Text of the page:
Your Hot Flashes Are Not Always Caused By Menopause

Hot flashes are regarded as one of the common symptoms women experience as a part of menopause and perimenopause. However, this is not the only possible cause. In fact, they can actually occur at any age and even affect men.

By definition, the flashes are a feeling of warmth that engulfs the face, neck, and chest. This is also accompanied by excessive sweating, reddening of the skin, an increased heart rate, and eventually, a chilled feeling. Here are a few possible triggers (besides menopause) including tips on how you can deal with them.

1. Excess body weight

Have you gained a lot of weight recently? Experts suggest those with a higher body mass may be more vulnerable to hot flashes in terms of their frequency and severity.

Women who are "overweight and troubled by hot flashes may be able to reduce their discomfort through diet and exercise," said Alison J. Huang, an assistant professor at the University of California San Francisco.

2. Food allergies

Research has shown that hot flashes and similar symptoms could be triggered by food allergies. The likes of wheat, orange, and eggs were highlighted in one study. Alcoholic beverages and caffeinated drinks like tea and coffee can also act as possible triggers.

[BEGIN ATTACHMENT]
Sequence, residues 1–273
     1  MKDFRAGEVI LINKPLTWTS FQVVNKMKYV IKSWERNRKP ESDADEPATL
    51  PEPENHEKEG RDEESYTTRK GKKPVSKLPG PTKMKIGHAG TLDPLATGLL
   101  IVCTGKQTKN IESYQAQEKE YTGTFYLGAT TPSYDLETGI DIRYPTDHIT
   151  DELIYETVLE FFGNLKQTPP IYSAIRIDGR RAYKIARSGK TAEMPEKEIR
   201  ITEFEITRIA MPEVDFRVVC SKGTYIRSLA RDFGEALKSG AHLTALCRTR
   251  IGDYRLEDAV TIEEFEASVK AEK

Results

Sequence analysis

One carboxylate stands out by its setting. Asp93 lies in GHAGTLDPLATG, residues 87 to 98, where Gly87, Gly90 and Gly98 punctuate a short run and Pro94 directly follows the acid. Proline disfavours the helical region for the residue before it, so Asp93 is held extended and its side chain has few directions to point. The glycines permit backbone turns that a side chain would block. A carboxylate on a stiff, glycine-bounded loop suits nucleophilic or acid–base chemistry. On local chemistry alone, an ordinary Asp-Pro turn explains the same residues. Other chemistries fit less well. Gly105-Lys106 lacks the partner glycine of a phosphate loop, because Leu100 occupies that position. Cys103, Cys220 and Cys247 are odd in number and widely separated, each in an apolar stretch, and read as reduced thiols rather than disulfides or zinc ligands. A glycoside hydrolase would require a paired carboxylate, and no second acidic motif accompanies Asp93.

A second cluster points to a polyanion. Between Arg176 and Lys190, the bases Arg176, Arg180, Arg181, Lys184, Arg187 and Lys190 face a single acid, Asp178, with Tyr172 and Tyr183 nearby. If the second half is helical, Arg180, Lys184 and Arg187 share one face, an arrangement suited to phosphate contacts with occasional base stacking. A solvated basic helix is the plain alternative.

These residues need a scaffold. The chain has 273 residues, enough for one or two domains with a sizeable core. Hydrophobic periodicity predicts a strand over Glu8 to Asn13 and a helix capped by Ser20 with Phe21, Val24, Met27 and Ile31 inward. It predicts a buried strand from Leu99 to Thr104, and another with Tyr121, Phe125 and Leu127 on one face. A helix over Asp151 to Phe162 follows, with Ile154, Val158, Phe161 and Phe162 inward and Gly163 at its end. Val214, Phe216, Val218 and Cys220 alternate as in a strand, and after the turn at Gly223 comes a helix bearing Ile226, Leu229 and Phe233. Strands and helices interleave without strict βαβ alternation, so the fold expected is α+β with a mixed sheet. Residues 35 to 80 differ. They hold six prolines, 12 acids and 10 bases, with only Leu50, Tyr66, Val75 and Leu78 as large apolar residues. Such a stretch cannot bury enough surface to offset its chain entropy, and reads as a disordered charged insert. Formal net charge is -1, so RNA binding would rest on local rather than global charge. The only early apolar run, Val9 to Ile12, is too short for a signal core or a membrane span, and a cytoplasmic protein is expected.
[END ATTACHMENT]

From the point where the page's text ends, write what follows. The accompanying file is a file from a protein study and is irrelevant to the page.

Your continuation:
It may help to keep a food journal and note down your daily meals, highlighting the days when you experience hot flashes. If you suspect a pattern, speak to a medical professional who will conduct tests and help you rule in or rule out a food or additive allergy.

3. Prescription medication

Hot flashes can occur as a side effect when taking drugs such as opioids, steroids, antidepressants, etc. If you recently started a round of medications, look back on the timing of your onset of symptoms.

If they coincide, you should let your doctor know about the possible link. While he or she may offer an alternative, women's health expert Beth Battaglino added that the side effect could just be temporary, disappearing after your body gets used to the medication. In this case, you can be reassured about when the symptoms will start fading.

4. Anxiety

Anxiety has "a very real physiological component," Dr. Josh Klapow, a clinical psychologist, told Bustle. "As your heart rate goes up, as your blood pressure raises, as your breathing gets more shallow and as your muscles tense, your body will heat up." 

According to Live Strong, the release of epinephrine or adrenaline by the body can intensify the symptom — an increase in blood flow causes an increase in temperature. This is why you end up feeling hot and sweaty when in a state of excessive worry, stress, or panic. If this is your trigger, look for healthy ways to reduce your anxiety levels and cope with stress.